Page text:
Whenever the fair came to town, I’d go out with a fiver, lose a filling on a toffee apple, throw up my burger on the waltzers and come home with a live pet in a plastic bag. No one really knew what they were doing; you just got it home, stuck it in a Tupperware, called it Alan and left it on the windowsill to die. Dad would then have to go out and replace him with Alan MK2, who looked identical and then pretended that nothing was wrong.

We had one for years, he was like some sort of aquatic Bruce Forstyth and he grew to a huge size. Frankly he was too big for the tank; it was like a human trying to swim in a foot spa. I half expected to come home one day to find Alan kicking back with his fins out of the tank, wearing a dressing gown, swigging brandy and smoking a cigar. Thankfully this has all changed; you now have to be assessed to see if you are responsible enough to allow Alan into your home.

I thought it was ironic that the human I was buying this fish for was less well planned than the fish itself, but that’s just the way it is. We set up the tank a week before Squidgers arrival. Gravel had to be washed thoroughly, the water treated and a sample taken back to the garden centre to be tested in the lab. We were asked questions about where we were putting the tank and told what meals to give Squidger and how often. I’m pleased to say we passed with flying colours and Squidger is settling in well. They’ve said we need to go back in a month to assess how he is “getting on with everything” but so far so good.

He’s not sleeping because he’s a goldfish, so the bedtime story drags on a bit, but apart from that he’s great. He loves the film Finding Nemo and has already got his 50M swimming badge after only one lesson. Sometimes it can get awkward however, last night we had fish and chips and had to eat them in the shed, it just didn’t feel right.

But I’m on the phone

As a performer I love being on stage, there in the moment, connecting with the audience. However over the years I’ve started to notice something, people are utterly ruled by their mobile phones.

It’s getting to the point where you have to make a decision as an act to stop and deal with it or ignore it completely. I will often look out into the crowd and you’ll see that one person, face lit up like a low budget E.T, as they paw at their screens in the darkness. If you do confront them, they can often look at you as if to say, “but I’m on my phone?” It’s a strange phenomenon.

I’ve been at the theatre and someone in the audience has facetimed a friend to do a live video. I doubt that Shakespeare ever dreamt that one day the majesty of the line “to be or not to be” would be punctuated by the beep of an iPhone and a tiny voice from Wigan asking someone to angle the screen so they could see Prince Hamlets Jacobean ruff. I watched some you tube videos of concerts from 1995 the other night, yes the sound and picture quality was poor but the crowd certainly wasn’t. They were all facing forwards, all united in that moment and not a mobile phone to be seen; pure nostalgic bliss.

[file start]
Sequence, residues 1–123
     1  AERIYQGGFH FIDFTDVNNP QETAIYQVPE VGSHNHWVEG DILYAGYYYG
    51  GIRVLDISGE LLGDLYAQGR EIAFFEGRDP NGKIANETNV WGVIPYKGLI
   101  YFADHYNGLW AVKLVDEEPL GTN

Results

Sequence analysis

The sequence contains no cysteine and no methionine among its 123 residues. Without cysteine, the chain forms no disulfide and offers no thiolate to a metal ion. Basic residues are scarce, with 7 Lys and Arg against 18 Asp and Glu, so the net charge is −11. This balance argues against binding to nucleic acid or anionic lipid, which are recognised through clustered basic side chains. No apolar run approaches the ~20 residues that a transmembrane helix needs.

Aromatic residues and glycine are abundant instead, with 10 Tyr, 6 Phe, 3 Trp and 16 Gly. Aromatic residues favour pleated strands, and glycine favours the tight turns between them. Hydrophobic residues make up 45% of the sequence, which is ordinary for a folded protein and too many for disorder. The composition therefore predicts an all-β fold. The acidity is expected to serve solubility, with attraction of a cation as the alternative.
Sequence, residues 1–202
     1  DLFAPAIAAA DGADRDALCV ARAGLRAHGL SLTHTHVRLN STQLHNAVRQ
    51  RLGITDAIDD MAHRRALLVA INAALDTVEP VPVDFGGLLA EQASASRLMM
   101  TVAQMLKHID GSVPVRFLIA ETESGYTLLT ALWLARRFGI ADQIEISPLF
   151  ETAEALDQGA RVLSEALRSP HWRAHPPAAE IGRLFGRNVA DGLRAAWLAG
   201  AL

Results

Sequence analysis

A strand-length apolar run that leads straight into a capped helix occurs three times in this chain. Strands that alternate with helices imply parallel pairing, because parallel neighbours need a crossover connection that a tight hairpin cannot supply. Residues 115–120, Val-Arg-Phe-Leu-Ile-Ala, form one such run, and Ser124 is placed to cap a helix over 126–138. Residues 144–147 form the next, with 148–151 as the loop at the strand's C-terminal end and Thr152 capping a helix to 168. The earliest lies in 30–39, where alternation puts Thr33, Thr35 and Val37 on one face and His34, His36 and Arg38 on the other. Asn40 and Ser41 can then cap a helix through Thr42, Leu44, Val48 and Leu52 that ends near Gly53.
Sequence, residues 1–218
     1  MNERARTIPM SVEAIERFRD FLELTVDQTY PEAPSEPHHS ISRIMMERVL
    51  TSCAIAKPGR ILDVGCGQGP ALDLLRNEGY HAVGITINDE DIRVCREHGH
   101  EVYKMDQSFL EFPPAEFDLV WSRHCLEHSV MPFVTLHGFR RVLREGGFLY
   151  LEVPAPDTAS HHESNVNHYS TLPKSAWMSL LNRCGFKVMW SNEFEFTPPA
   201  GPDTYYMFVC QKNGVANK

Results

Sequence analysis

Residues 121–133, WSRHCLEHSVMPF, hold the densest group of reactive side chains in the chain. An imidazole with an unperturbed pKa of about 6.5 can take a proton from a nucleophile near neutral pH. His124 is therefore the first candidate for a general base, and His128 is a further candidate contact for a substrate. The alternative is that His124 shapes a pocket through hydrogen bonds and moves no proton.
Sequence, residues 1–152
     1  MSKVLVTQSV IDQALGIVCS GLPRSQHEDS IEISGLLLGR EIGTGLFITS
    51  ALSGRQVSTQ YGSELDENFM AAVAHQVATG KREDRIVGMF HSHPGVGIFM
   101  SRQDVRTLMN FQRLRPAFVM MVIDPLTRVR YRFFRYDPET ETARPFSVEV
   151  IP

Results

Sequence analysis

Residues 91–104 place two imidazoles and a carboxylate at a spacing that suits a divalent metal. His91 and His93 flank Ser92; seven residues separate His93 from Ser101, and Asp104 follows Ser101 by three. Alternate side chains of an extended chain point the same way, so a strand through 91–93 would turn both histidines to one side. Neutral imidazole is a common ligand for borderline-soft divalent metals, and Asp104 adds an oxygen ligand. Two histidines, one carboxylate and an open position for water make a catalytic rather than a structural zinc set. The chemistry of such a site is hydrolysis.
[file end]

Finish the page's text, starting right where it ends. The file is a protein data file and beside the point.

Shhhhhhhhhh!

As I sit and type this article I am working my way through my evening bowl of cereal, a regular night time treat and my wife is scowling at me. It’s not the fact that I’m using all the milk, it’s because the chomping and tinkling noises I’m making are getting on her nerves.

I am considering suspending myself from the rafters, on wires like a scene from mission impossible just to make a brew

Since the arrival of the new baby, noise, or should I say, and I’m whispering as I do, the reduction of it, has become the number one priority at Bennett towers. We always argue about it, which we have to do via sign language of course, which often looks like two angry mime artists facing off in an argument over territory in Covent Garden.

I can’t eat an apple after 7pm, because I sound like a racehorse having its breakfast, I get told to turn the television down before I’ve even switched it on which is frankly impossible and all the creaky floorboards in the house have been marked out like a chalk line around a murder victim. It’s getting to the point where I am considering suspending myself from the rafters, on wires like a scene from mission impossible just to make a brew.

I’ve tethered cushions to my feet using the belts from my trousers and if I ever need to cough or sneeze I have two options, run into the garden and unload into the wheelie bin or reduce the outburst by plunging my head into the fish tank and letting it out underwater. The medical term for this is called Misophonia, which literally translated means “hatred of sounds.”

There really should be more awareness of this condition but probably no one would be allowed to talk about it. Interestingly my wife has no issue with our one year old playing a drum or the six year old stomping round the house in tap shoes blowing a kazoo and wearing a skirt made from bubble wrap, so I can’t help wondering if it’s just me.

Sneaky toddler